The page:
Clinical Endocrinologists (AACE) And American College Of Endocrinology (ACE) Announce Groundbreaking Framework To Combat Obesity Epidemic

| April 24, 2014

April 2014

WASHINGTON, D.C.—When obesity thought leaders representing public and private stakeholders convened here this past weekend for The AACE/ACE Consensus Conference of Obesity: Building an Evidence Base for Comprehensive Action, it was the realization of a years-long quest by the American Association of Clinical Endocrinologists (AACE) and the American College of Endocrinology (ACE) to identify the myriad issues surrounding, and necessary steps for solving, the epidemic of obesity.

The AACE/ACE revealed the outcome of the conference: an evidence-based, multi-dimensional, comprehensive framework that will become an action plan of attack.

“Key findings include the need for an improved definition of obesity, highquality research including evaluation of a complications-centric clinical approach to obesity, and better understanding of reimbursement mechanisms,” said conference chair W. Timothy Garvey, MD.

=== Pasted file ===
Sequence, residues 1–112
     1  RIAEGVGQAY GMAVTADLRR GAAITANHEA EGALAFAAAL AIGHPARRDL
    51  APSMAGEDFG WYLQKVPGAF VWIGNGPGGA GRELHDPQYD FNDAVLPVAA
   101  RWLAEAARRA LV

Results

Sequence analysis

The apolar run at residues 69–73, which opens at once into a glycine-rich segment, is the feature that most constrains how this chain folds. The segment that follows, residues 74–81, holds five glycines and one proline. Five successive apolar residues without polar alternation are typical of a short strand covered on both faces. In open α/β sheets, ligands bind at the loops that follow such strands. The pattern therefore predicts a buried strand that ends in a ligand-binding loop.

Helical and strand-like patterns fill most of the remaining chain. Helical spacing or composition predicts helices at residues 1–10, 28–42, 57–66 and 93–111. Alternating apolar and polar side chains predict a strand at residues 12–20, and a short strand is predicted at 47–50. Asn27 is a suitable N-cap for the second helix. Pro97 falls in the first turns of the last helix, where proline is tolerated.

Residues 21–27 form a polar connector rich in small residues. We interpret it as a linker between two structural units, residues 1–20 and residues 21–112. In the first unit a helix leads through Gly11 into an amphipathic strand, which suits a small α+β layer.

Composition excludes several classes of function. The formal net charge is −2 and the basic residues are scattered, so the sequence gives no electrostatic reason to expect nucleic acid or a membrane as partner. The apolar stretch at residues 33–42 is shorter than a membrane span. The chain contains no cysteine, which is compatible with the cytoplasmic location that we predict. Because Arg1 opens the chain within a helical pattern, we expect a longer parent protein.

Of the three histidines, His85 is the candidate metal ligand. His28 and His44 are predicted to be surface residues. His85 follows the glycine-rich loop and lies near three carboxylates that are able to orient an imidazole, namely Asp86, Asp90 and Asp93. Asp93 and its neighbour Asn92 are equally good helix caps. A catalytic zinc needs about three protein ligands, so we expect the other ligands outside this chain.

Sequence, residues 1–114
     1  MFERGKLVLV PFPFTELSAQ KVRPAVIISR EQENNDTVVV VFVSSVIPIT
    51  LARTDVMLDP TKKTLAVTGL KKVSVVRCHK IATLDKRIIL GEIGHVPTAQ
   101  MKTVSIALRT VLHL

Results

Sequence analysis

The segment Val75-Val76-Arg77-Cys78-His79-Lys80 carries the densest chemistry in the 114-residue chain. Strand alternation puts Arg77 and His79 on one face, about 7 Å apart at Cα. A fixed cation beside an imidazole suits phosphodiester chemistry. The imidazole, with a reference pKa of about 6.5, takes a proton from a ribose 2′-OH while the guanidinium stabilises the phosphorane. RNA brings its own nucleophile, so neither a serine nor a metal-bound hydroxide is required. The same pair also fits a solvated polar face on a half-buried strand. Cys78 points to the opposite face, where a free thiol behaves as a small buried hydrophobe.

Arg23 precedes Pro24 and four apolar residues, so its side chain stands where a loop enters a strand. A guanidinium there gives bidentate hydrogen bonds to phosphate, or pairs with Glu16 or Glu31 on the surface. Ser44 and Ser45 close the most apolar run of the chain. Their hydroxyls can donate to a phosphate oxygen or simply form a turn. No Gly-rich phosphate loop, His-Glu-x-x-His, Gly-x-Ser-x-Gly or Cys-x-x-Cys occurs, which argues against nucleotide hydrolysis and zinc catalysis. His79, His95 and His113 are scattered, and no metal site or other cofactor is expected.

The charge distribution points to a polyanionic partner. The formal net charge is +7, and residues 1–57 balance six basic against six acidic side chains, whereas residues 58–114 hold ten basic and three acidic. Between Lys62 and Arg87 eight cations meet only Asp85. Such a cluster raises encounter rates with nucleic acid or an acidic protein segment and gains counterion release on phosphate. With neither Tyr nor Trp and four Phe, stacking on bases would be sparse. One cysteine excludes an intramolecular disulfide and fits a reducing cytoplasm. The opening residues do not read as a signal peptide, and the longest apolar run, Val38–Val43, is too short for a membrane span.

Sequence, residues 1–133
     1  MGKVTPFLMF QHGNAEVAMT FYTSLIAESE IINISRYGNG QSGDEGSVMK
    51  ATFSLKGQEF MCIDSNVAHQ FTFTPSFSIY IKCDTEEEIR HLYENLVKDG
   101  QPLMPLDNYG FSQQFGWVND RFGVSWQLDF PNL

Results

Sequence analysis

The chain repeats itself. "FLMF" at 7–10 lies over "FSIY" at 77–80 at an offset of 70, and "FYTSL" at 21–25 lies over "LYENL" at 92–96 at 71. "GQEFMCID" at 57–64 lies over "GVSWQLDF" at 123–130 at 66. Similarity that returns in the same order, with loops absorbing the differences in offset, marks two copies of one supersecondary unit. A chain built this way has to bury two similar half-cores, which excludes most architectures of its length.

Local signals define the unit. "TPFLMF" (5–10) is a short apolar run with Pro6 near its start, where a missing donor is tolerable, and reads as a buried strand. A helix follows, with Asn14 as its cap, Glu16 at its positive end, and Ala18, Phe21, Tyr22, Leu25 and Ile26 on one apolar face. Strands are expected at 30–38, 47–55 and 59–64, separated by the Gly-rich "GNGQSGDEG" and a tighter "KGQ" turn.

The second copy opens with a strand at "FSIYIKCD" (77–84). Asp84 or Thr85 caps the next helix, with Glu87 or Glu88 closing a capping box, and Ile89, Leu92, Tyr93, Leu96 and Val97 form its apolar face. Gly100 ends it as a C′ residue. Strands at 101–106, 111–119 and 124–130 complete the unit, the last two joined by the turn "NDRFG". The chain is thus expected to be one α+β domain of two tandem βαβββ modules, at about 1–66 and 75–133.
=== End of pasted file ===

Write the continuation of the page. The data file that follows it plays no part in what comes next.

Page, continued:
“We also need to address the value associated with obesity prevention and management, increased nutrition and obesity education, and enhanced public awareness and health literacy,” said conference co-chair Alan J. Garber, MD, PhD, FACE.

Daniel Einhorn, MD, FACP, FACE, ACE president said, “This is the most under-reimbursed major disease in the U.S.A.”

“Next steps include translating these findings into actionable recommendations for individual patients that are likely to succeed and developing logistics for effective implementation,” added AACE President and co-chair Jeffrey I. Mechanick, MD, FACP, FACE, FACN, ECNU.

The framework was derived from five fundamental questions intensely debated by participants divided into the following areas: biomedical; government and regulation; health industry and economics; and society, education and research.

The five questions were:

1. What is obesity?

2. What options are available for obesity management?

3. What is the optimal use of therapeutic modalities?

4. Can the framework be cost-effective?

5. What are the knowledge gaps and how can they be filled?

AACE’s Board of Directors declared obesity a disease state in July 2011. The association also was the author of the resolution adopted in June 2013 by the American Medical Association (AMA) House of Delegates recognizing obesity as a disease.

To learn more about the AACE, visit www.aace.com.

For more information about the ACE, visit www.aace.com/college.

For more information about the endocrine system, visit the ACE-sponsored patient education website at www.empoweryourhealth.org.

 

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